Ethiopian runner Lelisa Desisa now owns two Boston Marathon titles, after winning the 119th edition of the race Monday in windy and rainy conditions in the northeastern U.S. state of Massachusetts.
Desisa's time for the 42-kilometer event was 2 hours, 9 minutes and 17 seconds. That was 31 seconds ahead of his second-place compatriot Yemane Adhane (2:09:48). Finishing third was Wilson Chebet of Kenya, 1:05 behind the winner Desisa.
Desisa's other victory in the Boston Marathon was two years ago when two bombs rocked the finish area about two hours after he won, but with more than 5,700 runners yet to complete the race. That terrorist attack killed three spectators and injured more than 250.
Desisa donated his winner's medal that year to the city of Boston in memory of the victims. On Monday, he received the traditional olive wreath, $150,000 in prize money and a medal.
After his victory, the Ethiopian said, "This medal, I think, is for me."
Winning the women's division in a thrilling finish was Caroline Rotich of Kenya. She was running shoulder-to-shoulder with Ethiopian Mare Dibaba with three blocks to go, but pulled ahead for the victory with about 150 meters remaining. Rotich's time was 2 hours, 24 minutes and 55 seconds, only four seconds ahead of Dibaba.
About 30,000 athletes from around the world competed in the world's oldest annual marathon. Last year's winner, American Meb Keflezighi, finished eighth Monday, one place behind the highest finishing American Dathan Ritzenhein in seventh. At last year's marathon, Meb Keflezighi became the first American man since 1983 to win.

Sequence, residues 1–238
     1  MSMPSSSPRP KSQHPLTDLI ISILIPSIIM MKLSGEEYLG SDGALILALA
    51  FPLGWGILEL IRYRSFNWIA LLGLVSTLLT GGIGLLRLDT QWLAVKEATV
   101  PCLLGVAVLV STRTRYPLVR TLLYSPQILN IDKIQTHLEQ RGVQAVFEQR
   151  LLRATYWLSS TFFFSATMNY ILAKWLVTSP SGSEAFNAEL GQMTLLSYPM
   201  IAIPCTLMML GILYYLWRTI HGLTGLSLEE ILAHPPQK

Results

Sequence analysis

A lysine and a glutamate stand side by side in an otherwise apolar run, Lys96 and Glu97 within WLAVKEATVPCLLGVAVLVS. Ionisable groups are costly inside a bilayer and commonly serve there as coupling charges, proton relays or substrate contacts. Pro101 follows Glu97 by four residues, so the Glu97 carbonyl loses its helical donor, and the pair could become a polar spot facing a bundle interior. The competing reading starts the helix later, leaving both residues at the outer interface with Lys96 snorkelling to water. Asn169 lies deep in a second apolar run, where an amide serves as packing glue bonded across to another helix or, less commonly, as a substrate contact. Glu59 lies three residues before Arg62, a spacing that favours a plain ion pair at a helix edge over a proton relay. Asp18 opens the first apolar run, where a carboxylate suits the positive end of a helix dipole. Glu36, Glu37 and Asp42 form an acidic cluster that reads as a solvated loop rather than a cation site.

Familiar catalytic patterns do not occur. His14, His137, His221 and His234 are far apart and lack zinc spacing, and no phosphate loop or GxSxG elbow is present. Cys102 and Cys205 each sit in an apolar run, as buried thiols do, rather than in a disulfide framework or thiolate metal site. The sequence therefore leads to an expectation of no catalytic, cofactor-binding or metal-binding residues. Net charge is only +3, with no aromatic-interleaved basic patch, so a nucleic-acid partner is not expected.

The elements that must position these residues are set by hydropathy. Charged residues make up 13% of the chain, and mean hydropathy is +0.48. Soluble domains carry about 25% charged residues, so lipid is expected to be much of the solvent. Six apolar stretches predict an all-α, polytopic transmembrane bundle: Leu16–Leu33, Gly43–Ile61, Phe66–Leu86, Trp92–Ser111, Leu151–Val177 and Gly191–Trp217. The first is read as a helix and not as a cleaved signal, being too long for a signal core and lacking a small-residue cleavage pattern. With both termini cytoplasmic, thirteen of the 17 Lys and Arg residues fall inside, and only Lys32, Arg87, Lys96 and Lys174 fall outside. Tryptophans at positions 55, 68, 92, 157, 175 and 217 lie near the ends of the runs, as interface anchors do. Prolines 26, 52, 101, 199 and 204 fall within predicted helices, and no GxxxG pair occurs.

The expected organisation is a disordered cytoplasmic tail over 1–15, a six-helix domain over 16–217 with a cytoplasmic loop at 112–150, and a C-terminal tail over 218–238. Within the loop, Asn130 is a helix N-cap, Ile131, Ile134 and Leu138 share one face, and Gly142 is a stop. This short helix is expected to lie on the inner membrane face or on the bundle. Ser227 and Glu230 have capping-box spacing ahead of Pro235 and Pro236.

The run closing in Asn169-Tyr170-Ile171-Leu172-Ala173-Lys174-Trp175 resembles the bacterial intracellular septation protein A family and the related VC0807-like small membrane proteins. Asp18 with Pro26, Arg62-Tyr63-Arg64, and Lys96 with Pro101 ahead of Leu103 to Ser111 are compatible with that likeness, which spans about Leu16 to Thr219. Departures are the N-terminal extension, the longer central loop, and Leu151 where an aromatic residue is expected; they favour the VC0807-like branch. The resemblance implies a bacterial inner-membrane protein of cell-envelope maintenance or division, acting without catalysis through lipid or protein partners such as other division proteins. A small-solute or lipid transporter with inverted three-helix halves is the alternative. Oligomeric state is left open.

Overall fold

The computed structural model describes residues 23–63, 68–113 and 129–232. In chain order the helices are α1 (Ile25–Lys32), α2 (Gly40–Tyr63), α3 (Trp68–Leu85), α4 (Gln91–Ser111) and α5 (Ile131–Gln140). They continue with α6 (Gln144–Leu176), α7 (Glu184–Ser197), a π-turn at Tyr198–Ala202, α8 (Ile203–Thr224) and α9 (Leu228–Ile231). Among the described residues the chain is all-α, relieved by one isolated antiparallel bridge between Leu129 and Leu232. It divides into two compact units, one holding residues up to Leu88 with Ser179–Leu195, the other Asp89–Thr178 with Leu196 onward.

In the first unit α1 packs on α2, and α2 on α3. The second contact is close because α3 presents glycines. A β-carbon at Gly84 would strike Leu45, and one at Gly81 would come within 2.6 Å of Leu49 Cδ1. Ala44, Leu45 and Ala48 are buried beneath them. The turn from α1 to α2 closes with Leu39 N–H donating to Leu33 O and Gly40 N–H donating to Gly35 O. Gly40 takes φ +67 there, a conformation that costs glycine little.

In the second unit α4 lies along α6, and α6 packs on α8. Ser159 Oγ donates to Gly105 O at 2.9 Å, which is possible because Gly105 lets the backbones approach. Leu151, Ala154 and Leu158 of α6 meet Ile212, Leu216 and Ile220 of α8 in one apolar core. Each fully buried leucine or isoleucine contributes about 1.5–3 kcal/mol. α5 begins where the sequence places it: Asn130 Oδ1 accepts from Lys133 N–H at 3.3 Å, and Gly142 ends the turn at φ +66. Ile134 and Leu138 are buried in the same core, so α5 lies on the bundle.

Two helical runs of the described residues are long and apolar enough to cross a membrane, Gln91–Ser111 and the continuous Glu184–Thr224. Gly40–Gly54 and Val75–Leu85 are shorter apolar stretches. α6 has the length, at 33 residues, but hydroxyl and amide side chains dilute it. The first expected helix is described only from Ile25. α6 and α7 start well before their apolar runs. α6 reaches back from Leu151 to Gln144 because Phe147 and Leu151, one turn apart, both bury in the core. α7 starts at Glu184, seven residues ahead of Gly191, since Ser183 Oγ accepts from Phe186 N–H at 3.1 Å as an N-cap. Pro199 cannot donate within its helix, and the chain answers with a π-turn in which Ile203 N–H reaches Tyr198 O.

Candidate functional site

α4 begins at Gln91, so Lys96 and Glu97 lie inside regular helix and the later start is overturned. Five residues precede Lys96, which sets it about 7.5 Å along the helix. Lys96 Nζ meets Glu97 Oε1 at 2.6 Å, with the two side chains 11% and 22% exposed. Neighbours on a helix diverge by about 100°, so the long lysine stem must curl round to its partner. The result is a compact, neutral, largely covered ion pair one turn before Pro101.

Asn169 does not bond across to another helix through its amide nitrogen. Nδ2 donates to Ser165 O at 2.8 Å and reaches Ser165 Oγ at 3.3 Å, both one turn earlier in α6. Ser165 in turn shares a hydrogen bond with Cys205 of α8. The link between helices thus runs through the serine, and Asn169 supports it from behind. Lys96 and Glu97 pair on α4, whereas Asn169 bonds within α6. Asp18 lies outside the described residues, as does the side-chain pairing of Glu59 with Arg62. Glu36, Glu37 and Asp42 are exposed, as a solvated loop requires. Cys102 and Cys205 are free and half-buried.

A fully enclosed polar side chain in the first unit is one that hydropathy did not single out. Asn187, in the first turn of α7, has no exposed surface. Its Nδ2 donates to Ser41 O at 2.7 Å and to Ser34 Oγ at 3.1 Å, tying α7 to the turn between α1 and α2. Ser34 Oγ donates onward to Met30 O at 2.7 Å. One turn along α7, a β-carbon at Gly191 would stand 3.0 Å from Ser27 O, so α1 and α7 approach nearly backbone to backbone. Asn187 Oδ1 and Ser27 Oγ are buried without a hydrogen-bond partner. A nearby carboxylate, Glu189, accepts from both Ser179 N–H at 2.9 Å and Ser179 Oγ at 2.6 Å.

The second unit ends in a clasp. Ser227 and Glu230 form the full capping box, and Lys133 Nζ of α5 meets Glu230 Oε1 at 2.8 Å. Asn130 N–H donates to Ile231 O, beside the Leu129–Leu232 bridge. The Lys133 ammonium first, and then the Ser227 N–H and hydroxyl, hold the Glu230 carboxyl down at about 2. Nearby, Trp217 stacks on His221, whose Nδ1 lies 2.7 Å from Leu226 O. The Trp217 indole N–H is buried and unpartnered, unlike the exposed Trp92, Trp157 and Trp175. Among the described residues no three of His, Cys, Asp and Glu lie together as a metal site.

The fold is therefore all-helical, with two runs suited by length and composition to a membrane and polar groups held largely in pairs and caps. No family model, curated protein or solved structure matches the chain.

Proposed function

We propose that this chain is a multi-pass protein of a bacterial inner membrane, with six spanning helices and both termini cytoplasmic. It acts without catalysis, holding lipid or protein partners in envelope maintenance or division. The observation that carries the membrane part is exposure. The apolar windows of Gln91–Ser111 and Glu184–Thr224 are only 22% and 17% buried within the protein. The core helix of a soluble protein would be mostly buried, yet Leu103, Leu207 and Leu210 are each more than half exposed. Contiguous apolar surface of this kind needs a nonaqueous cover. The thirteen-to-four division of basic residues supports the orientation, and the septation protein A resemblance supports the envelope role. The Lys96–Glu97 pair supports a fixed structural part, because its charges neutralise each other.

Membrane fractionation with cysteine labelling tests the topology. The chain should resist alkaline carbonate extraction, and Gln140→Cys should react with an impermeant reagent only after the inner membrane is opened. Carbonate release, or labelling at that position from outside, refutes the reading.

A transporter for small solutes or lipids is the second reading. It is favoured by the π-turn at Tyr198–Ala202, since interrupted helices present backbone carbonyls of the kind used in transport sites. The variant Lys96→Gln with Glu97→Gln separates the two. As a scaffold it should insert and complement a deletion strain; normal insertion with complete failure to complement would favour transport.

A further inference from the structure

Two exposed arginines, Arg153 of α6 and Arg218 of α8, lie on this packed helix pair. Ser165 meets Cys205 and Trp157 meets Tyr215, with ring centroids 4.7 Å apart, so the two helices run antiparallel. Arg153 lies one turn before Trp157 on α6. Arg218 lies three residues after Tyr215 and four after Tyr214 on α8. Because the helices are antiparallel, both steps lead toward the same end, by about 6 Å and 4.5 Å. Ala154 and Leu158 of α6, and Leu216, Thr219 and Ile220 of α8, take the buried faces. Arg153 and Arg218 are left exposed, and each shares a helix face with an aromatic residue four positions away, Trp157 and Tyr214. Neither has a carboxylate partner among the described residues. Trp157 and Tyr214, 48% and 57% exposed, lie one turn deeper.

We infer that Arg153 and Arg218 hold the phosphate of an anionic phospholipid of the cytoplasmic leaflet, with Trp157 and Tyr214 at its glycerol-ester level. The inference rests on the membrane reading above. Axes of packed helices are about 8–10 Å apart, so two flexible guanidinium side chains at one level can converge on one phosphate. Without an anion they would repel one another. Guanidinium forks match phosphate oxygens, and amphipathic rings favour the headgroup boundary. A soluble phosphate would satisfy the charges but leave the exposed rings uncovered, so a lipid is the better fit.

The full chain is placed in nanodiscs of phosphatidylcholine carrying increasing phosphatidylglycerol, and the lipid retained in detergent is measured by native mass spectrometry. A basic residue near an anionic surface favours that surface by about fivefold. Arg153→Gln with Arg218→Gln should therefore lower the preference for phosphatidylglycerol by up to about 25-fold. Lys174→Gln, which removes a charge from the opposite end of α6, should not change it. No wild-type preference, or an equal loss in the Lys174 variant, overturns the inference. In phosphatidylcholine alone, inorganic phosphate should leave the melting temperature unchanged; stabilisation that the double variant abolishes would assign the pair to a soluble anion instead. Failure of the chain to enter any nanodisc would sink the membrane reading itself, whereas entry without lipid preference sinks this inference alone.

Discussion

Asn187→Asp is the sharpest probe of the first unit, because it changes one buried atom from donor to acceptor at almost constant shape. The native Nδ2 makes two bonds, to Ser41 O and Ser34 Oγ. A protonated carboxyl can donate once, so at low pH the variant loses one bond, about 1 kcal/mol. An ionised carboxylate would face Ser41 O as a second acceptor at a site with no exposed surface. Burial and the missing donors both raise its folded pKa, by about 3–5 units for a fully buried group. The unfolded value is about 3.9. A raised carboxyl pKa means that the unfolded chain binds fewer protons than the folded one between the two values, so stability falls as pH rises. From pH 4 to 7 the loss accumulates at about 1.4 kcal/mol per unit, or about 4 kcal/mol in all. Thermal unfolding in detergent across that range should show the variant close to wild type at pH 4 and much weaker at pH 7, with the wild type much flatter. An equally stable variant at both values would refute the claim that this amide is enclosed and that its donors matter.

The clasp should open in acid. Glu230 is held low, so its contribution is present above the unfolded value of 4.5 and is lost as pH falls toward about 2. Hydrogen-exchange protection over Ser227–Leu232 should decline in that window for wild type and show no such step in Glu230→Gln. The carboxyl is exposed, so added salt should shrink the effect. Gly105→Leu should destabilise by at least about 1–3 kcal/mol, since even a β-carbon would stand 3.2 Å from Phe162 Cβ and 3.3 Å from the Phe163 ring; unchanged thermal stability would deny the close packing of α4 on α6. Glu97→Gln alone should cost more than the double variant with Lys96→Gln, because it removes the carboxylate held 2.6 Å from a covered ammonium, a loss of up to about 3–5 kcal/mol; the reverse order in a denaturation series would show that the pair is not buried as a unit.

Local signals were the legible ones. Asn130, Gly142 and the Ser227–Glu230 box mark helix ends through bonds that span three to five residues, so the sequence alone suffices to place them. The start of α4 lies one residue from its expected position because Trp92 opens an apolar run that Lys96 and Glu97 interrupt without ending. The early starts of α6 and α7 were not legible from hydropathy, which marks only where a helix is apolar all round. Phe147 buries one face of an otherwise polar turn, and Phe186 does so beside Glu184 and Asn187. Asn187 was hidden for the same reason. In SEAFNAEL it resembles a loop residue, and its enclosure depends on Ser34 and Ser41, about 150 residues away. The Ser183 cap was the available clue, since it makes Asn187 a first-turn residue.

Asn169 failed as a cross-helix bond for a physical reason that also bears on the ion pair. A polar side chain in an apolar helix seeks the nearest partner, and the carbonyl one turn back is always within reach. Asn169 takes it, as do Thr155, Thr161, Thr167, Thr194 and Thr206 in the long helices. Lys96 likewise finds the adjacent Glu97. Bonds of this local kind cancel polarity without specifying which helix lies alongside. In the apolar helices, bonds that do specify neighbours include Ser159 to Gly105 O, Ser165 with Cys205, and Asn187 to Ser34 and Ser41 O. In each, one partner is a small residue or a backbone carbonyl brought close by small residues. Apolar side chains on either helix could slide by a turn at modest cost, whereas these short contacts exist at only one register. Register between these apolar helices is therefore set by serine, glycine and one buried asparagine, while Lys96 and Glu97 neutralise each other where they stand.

Africans have dominated the men’s and women’s divisions in recent years.
Boston Marathon bombings
Less than two weeks ago, Dzhokhar Tsarnaev was found guilty on all of 30 charges related to the Boston Marathon bombings on April 15, 2013. Several days after the bombings, his older brother Tamerlan was killed in a shootout with police. Dzhokhar, 19 at the time, was captured in a Boston suburb after an intensive manhunt.
"For us, the core principle is the Boston Marathon is an international athletic event focused on competition and excellence,'' Tom Grilk, the executive director of the Boston Athletic Association, told the Associated Press last week. "We start there, every time. Including last year,'' he said.
Last year's event was the first since the attack. On April 15, 2013, brothers Tamerlan and Dzhokhar Tsarnaev detonated two homemade pressure-cooker bombs near the Boylston Street finish line just as some runners were completing the race. The explosions, at 2:49 p.m. local time, killed three people and injured 264.
Several days after the event, elder brother Tamerlan, 26, was killed in a shootout with police. Dzhokhar, then 19, was captured in a Boston suburb after an intensive manhunt. Earlier this month, a jury found him guilty on all of 30 charges related to the bombings. On Tuesday, he’s scheduled to return to federal court for the next phase of the trial, in which prosecutors will seek the death penalty.
"What happened in 2013 was the closest and perhaps most poignant part of our history, but part of the history," race organizer Grilk said. "The history going forward would be written by the people who come and run and watch and participate in all the ways that people do.''
Monday’s field in the race included Rebekah (DiMartino) Gregory, whose left leg had to be amputated after her injuries. She was running the marathon on a new prosthetic leg, ESPN reported.
Security has been beefed up. Boston Police Commissioner William B. Evans told The Boston Globe last week it included enhanced checkpoints and bomb detection dogs throughout the 26.2-mile route. Backpacks, shoulder bags and coolers were subjected to searches.
Law enforcement also was taking extra precautions at and near Fenway Park, home to the Boston Red Sox baseball team. Its traditional race-day morning game, this year against the Baltimore Orioles, started at 11:05 a.m. local time.
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